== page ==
- “Configuring” -- for software developers/database administrators. Describes how the published help content is configured in the Kuali application so that the help icons take the user to the appropriate topic. Covers configuring the “hooks” to integrate the help with the application user interface -- involves modification of data dictionary files and help parameters in the master data source.
The Help Framework consists of the following:
The below is a high-level overview only. For more details, see the separate tooltip requirement.
- The tooltip is the UI component that delivers context-sensitive help for fields and other user-manipulable controls.
- When the user hovers over a tooltip trigger element (e.g., a field label or a control in a form), brief help summary text for the specific field/control should be displayed as a tooltip.
- The tooltip should remain open while the control or field label is selected.
- The tooltip will close when the user moves out of the contiguous area formed with the tooltip trigger element and the content itself.
2. Help Window associated with the Help icon/button:
- KRAD should enable displaying a help icon associated with any element, for example, with a view header (in KNS, this would be a document) or a page header. The default placement of this help icon will be to the right of its associated UI element. (Precise default visual treatment and positioning to be determined.)
- The KRAD code structure will group this icon appropriately with its element (i.e., fieldset/legend semantics in the code structure will enable assistive technologies to convey that this help icon is for its associated element).
- KRAD should ship with a default help icon (precise default visual treatment to be determined), with default alt-text for it. (Research whether the alt-text can include a variable that enables it to be pre-filled with the associated element's label.)
- Secondary: KRAD should also allow the ability, at a global level (per application, not per view or page), to replace the default help icon with a different image or with text. Consistency across an application is important.
- When the user hovers over the help icon, brief summary text should be displayed as a tooltip for the help icon. This doesn't include the help content itself, but a brief description of the type of help that selecting the help icon will produce. Examples: "Display help for this page". (Research whether the help icon's tooltip content can include a variable that enables it to be pre-filled with the associated element's label or its alt-text.)
- The Help icon should be selectable and, when selected, should open the help information in a new browser window (not new browser tab):
- The new browser window should be sized and placed by default, and appear above the application window in the z-order (not be occluded by the application window upon opening). After the initial opening of this new browser window, the user controls its size and positioning (standard operating system and browser controls). The user can move and resize the new browser window, as appropriate to the needs. The opened browser window appears in the operating system's open applications bar (standard behavior), helping the user to locate it if, in the user doing other things, it gets hidden by the application or other open windows.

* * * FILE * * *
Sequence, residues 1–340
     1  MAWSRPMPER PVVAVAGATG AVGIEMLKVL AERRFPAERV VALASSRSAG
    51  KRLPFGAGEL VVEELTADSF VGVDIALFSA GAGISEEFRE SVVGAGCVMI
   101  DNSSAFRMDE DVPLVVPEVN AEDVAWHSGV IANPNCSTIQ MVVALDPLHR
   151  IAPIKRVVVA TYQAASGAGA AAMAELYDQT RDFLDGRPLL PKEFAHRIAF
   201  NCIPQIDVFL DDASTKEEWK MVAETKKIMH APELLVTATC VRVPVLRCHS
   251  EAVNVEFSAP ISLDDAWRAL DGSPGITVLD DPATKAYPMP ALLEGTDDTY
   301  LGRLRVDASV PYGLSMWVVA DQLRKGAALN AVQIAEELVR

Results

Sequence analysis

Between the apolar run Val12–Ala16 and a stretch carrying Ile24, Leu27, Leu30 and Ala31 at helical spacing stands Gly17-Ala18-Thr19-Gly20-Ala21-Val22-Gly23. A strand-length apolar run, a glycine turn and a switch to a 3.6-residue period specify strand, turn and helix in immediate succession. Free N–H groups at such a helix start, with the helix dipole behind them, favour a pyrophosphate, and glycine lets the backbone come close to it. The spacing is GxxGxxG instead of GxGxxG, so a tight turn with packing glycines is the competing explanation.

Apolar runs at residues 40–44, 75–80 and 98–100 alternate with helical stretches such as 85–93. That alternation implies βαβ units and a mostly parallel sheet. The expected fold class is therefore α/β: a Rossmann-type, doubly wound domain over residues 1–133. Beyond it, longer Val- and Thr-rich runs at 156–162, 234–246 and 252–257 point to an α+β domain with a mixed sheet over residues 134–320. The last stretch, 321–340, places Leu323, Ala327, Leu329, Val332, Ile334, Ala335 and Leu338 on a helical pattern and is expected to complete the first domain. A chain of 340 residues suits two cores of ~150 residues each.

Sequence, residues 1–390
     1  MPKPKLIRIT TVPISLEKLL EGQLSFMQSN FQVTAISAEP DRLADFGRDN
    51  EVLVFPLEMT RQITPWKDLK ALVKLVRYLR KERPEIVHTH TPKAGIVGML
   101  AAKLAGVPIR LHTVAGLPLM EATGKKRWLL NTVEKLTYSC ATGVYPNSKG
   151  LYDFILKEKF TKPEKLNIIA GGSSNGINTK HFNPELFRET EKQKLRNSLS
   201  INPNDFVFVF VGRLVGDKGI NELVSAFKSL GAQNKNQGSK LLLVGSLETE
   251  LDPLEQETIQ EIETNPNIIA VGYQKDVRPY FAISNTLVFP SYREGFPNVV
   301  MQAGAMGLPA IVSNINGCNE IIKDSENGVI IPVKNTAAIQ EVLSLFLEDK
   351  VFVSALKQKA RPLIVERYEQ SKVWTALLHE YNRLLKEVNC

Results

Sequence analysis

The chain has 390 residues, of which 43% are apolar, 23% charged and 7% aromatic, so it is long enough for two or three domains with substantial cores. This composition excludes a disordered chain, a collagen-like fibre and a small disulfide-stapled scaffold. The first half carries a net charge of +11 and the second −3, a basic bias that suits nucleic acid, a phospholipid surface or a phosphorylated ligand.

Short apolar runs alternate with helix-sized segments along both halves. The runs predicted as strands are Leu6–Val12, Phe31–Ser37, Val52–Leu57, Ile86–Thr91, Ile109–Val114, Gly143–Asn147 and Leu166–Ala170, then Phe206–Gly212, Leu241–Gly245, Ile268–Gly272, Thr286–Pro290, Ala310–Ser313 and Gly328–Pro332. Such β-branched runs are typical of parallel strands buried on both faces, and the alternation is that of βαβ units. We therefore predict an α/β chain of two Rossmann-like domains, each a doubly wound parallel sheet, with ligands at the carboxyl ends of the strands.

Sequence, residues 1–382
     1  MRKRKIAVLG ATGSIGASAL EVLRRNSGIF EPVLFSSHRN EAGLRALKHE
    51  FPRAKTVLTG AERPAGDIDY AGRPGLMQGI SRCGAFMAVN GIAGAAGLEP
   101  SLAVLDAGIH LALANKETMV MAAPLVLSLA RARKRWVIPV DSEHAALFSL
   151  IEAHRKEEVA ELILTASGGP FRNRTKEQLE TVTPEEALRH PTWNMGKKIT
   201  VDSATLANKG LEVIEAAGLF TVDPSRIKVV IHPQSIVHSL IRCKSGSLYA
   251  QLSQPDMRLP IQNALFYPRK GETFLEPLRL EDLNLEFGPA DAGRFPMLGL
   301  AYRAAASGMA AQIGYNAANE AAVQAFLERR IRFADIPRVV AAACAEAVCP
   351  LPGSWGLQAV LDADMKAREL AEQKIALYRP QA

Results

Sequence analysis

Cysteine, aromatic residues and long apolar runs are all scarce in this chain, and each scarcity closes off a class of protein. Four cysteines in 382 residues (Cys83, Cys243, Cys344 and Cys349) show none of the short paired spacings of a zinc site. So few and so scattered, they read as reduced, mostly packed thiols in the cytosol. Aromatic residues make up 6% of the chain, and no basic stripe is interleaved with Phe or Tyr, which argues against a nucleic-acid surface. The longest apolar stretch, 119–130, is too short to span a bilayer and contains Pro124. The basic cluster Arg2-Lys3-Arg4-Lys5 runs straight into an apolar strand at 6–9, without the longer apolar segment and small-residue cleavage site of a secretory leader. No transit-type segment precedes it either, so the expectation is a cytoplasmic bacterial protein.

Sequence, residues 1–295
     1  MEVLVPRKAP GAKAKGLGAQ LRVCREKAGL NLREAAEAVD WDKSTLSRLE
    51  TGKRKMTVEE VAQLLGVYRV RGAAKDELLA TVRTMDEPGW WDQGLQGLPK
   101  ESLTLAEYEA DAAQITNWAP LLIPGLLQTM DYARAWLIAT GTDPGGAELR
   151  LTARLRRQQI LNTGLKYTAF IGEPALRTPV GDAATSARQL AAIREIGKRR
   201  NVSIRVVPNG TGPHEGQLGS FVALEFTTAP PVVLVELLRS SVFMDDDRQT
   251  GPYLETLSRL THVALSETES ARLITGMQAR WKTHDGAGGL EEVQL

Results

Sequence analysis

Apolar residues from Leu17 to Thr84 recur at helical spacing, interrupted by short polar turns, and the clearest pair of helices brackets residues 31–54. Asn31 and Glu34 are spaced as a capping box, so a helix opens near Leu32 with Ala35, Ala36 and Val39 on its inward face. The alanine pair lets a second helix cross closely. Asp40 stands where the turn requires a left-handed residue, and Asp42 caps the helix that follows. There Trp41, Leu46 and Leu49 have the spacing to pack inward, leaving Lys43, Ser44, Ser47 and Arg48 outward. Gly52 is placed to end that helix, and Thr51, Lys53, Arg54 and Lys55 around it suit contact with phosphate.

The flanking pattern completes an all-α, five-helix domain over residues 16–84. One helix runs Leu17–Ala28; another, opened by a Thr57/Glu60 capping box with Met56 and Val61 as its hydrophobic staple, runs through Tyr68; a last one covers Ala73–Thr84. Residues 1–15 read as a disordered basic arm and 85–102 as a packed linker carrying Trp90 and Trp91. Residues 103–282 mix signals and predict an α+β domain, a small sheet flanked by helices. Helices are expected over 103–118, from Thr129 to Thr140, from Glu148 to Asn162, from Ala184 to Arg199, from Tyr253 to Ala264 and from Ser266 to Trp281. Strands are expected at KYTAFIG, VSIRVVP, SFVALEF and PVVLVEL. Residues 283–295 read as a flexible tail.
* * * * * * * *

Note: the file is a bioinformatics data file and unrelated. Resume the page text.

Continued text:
- Applications should be able to configure a URL with system parameters, for example, to link the help icon with where the help content is stored and to name an anchor point within the help content.
Today it is possible to turn off help (hide the help icon), but it must be done individually for each component. Rice 2.2 KRAD should differ from this KNS behavior in the following way:
- It should be possible to assign the tooltip or the help icon/window usage to any element level within an application (for example, tooltip or help icon/window to section level headings).
- But the assignment should apply application-wide, not per heading or per page.
- And the help icon/window should not be applied for elements lower in the class hierarchy than elements that have already been assigned the tooltip. In building the application, this should be flagged as a violation, though this type of violation should be able to be accepted/overridden by the application team. (For example, sections assigned a tooltip should not include sub-sections assigned a help icon/window).
- KRAD should not display a help icon with any element unless the application has explicitly associated a help ID or URL (this depends on the technical architecture, which will be specified soon) with the particular element. The help icon associated with the UI elements will be hidden unless there is an associated ID/URL. There should be no need to 'turn off' help icons in order to ensure there are no "dead" help icons. Therefore,
- There should be no need for KRAD to include a setting to enable an application (development/design intention, not per user during usage) to turn off (hide) the help icon, at a global level (per application).
- There should be no need for KRAD to enable doing this same thing at a view (document) and page level.
- KRAD should have a mechanism for handling cases where a developer has put both a tooltip and a help icon on a target element (this should not happen). If there is a help icon with url content/id associated with an element, that should over-ride the tooltip - it should not be displayed.
List any functional or technical work that must be completed before work on this item can begin:
- (This is listed in the tooltip requirement, which is a dependency in this overall help framework: Assess & select which jQuery or other tooltip plug-in to use.)